Manchester's Pink Room doesn't know what's hit it as Militarie Gun come out like they have a point to prove
California’s Militarie Gun formed as a studio project during lockdown, and their scrappy punk was all the more intense for it – like an animal charging at its cage. When they were finally let loose on the hardcore punk underground, they made it count, turning into one of the genre’s most exciting touring bands. This year they released their debut full-length album, Life Under The Gun. Here, their sound got bigger and more polished, proving that their incendiary punk energy was matched only by their anthemic pop sensibilities. It was possibly the year’s best rock album.
The band’s packed-out headline show at YES’s Pink Room is their fourth time in Manchester, but their first headlining (two were appearances at the massive hardcore gathering Outbreak Fest, and one was in support of fellow melodic hardcore scene-leaders Fiddlehead). When they arrive on stage, the five of them packed in pretty snugly, frontman Ian Shelton is instantly demanding energy from the crowd – whether instructing them to bounce, or encouraging them to get up and stage-dive. Shelton’s doing his part up there, clearly pouring his all into the performance; he jumps around like a madman, screws up his face as he barks his vocals, gets completely sweat-drenched by about ten minutes in. The band’s sound may not be strictly hardcore, but they carry the genre’s essence with them in their pursuit of communal, physical catharsis.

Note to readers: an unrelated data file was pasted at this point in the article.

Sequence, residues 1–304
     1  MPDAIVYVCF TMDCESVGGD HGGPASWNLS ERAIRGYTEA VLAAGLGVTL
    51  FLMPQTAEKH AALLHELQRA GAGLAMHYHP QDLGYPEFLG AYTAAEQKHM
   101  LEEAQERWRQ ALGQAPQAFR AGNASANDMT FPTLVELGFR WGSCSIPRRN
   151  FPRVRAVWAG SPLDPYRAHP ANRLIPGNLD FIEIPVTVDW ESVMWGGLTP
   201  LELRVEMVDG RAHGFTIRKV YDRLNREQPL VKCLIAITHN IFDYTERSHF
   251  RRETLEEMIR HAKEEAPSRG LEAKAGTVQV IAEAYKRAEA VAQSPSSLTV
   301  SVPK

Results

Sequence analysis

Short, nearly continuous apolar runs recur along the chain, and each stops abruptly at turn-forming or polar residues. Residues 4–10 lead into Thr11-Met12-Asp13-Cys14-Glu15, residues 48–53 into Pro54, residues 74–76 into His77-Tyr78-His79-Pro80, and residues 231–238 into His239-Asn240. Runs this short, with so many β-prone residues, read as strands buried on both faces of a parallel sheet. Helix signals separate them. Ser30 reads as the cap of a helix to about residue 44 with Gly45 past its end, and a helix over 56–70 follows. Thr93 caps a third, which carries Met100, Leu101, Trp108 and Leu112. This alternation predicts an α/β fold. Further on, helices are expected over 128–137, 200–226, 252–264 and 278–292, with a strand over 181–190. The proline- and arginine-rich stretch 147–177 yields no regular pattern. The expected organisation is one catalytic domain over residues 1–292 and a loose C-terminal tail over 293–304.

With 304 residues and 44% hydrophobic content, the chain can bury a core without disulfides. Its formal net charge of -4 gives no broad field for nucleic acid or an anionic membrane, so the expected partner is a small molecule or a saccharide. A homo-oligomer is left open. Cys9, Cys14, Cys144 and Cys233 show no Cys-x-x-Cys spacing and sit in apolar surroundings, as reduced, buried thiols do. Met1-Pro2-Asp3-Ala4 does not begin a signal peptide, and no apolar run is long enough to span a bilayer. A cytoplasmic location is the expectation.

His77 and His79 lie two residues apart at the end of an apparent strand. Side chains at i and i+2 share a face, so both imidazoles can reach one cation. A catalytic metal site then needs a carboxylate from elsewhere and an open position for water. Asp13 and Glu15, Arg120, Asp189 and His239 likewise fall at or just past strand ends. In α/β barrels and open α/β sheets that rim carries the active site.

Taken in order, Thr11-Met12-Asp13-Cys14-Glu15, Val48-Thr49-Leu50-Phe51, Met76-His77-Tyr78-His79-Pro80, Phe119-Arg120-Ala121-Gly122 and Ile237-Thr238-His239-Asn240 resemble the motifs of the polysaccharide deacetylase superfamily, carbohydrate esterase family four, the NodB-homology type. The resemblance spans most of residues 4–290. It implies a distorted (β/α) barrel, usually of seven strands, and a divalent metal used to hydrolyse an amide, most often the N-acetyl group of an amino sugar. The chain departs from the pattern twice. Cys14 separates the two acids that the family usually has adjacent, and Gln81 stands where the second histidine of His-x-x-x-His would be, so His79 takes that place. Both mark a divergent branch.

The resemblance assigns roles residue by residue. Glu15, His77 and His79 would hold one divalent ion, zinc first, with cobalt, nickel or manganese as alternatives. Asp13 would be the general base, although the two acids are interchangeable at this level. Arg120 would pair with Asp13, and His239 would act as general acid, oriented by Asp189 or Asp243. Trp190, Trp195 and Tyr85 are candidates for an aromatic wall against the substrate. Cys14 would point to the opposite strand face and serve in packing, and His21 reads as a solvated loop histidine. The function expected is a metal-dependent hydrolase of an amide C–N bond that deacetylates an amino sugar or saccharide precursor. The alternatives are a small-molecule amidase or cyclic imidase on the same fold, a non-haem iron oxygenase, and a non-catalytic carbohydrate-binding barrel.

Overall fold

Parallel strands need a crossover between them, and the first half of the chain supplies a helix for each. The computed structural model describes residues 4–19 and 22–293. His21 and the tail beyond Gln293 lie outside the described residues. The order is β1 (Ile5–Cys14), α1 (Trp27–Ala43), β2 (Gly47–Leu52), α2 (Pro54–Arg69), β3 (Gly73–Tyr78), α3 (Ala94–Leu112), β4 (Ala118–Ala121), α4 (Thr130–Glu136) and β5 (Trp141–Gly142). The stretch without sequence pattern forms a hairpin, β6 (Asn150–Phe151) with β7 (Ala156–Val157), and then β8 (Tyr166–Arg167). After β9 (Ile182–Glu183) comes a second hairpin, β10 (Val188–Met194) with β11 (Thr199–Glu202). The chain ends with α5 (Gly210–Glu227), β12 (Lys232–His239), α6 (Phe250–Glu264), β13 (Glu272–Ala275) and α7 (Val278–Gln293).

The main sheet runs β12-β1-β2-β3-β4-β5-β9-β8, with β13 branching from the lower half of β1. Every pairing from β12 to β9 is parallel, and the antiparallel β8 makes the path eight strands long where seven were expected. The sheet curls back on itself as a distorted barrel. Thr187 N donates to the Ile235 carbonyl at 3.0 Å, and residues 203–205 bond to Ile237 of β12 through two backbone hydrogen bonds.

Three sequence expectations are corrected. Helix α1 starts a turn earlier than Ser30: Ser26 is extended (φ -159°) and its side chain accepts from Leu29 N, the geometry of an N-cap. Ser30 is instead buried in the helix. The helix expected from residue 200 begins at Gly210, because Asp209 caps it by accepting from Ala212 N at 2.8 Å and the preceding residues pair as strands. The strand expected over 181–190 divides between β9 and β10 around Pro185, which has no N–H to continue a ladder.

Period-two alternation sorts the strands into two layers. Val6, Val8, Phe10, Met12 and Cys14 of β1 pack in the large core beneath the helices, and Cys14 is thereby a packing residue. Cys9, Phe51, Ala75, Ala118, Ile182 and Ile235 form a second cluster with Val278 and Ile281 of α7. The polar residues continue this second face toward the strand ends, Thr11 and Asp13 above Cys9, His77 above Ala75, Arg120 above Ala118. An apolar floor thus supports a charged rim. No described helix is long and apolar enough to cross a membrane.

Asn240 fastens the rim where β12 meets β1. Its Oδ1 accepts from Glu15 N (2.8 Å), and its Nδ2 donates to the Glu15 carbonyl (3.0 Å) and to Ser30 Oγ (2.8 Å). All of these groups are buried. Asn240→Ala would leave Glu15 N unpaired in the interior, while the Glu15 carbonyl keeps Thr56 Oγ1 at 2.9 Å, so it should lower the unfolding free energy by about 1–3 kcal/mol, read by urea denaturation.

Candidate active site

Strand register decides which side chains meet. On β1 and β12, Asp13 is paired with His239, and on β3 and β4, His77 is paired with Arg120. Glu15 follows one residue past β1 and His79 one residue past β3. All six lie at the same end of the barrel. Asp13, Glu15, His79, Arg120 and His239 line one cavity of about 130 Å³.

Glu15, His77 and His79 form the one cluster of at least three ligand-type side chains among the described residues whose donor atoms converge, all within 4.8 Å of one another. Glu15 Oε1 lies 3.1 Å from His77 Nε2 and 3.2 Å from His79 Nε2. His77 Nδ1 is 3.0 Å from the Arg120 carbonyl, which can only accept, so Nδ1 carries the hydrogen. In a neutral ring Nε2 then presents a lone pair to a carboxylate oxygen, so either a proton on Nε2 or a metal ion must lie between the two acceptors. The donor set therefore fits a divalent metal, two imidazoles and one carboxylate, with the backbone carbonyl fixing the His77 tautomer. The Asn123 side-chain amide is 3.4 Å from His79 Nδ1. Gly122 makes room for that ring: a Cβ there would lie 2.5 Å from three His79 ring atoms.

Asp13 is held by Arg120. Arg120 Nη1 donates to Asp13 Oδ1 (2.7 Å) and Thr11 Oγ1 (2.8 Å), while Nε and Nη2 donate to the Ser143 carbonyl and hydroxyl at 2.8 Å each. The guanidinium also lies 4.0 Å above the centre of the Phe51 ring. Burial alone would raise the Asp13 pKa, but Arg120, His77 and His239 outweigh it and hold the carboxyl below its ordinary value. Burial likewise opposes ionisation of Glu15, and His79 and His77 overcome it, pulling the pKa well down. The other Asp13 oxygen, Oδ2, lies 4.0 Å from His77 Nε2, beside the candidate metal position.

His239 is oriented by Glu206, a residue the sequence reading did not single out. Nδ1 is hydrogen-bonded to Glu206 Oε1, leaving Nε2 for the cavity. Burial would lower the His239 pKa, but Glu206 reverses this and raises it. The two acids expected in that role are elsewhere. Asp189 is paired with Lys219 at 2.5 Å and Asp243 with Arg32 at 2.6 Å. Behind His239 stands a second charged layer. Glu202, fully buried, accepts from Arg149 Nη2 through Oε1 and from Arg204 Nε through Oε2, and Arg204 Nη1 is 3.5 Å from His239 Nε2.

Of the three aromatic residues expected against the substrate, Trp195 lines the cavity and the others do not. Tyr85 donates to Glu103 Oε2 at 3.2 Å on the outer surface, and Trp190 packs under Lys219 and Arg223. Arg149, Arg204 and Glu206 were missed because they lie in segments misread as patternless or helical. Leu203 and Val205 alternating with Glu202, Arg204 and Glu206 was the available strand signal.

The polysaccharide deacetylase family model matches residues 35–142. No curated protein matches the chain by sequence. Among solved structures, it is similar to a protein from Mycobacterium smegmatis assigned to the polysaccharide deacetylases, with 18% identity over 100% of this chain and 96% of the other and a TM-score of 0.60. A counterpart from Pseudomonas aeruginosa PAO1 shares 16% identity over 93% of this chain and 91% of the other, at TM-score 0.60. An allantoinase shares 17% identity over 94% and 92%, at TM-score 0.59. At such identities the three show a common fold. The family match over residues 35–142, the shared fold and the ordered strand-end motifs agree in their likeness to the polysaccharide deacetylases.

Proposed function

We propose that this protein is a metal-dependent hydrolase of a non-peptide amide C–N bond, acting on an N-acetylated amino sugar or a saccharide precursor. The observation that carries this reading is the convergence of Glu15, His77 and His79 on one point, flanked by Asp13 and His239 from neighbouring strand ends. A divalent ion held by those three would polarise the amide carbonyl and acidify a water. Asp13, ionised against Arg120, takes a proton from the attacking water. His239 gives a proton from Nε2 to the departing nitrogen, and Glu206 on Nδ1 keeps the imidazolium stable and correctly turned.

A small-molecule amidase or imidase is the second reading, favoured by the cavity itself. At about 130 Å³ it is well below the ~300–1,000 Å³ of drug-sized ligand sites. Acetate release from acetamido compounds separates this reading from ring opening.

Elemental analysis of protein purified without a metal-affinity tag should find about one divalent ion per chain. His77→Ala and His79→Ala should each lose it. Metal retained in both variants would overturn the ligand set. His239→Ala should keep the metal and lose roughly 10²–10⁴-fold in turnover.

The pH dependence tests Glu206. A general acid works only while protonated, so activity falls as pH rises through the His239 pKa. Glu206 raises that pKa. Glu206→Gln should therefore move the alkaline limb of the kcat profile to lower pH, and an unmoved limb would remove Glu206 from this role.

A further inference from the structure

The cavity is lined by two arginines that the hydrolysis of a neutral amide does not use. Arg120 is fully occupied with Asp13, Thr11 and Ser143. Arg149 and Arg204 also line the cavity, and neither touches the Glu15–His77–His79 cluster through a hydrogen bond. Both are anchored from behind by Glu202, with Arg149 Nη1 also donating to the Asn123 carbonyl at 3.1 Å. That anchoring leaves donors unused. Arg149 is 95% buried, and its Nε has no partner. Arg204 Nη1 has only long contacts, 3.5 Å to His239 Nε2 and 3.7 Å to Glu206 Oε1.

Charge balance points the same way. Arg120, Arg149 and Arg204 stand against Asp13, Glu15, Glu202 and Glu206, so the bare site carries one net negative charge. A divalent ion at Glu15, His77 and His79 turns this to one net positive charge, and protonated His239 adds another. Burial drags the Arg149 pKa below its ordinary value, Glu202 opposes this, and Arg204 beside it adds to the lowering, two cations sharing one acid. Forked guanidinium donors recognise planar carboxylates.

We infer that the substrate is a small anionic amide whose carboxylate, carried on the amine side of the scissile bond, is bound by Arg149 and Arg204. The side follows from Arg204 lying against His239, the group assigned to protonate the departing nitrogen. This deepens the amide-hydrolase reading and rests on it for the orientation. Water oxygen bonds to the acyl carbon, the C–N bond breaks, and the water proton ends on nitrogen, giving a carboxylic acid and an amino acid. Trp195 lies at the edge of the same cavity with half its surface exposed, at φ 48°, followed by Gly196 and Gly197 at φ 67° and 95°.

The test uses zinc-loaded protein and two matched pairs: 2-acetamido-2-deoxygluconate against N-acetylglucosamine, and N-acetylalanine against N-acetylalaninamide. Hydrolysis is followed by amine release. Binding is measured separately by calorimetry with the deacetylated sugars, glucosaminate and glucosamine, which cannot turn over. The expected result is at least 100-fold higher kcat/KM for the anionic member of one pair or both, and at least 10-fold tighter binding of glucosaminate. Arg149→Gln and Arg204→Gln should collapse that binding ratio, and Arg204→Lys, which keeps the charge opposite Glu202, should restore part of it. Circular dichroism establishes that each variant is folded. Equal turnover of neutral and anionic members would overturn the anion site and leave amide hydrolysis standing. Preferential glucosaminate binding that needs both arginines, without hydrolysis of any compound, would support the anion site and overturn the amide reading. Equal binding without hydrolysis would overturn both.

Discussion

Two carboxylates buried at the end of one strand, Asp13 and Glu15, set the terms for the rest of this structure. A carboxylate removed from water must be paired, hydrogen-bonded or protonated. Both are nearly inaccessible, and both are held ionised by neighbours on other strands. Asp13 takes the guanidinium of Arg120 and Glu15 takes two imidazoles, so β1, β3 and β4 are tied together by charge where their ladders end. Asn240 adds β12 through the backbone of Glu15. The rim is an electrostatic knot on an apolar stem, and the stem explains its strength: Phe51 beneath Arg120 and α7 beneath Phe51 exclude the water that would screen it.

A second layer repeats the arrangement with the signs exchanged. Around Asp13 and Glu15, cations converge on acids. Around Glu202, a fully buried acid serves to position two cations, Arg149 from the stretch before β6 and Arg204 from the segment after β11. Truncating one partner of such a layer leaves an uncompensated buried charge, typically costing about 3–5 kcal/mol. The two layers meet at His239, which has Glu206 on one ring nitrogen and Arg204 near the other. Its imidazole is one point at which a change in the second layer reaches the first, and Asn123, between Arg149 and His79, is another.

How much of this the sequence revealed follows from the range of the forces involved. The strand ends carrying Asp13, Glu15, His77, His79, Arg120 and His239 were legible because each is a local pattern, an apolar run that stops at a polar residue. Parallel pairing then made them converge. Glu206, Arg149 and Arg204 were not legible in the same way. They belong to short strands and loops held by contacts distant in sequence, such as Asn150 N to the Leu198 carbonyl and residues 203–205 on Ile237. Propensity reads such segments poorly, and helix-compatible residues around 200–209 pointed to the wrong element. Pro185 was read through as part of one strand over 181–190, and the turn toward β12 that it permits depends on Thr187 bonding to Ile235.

When you combine that drive with MG’s knack for a poppy hook, it makes for an excellent live experience. The highlights of the set are the catchiest numbers – ‘Pressure Cooker’, ‘Return Policy’ and the transcendent set closer ‘Do It Faster’, which is accompanied by an exuberant stream of stage-divers. It helps that a lot of their songs expertly rest on straight-to-the-point singalong slogans; “I’ve been feeling pretty down, so I get very high,” is the chorus of ‘Very High’, and it gets one of the biggest reactions of the night. Shelton’s trademark “Ooh-ooh!” grunt gets enthusiastic echoes throughout the set too.
Yet the dynamics are plenty varied, and the twists make for memorable moments too. ‘Disposable Plastic Trash’ ramps up the punk intensity, all tightly-wound paranoia with a wiry riff. The drumless ‘See You Around’, meanwhile, is the slow-down moment. “This is a vulnerable one, it’s hard to do live,” Shelton admits before it begins, and you can feel the passion as he belts out the choruses. ‘Never F*cked Up Once’ is one of the most anthemic moments, and it’s singularly emotive; the chorus, which calls out for empathy for others’ mistakes, is delivered almost as a plea. When the set finishes, Shelton remains on stage to hand out setlists and chat with the grinning moshers. Militarie Gun’s songs may sound ready for bigger stages, but tonight it’s clear that’s not the point.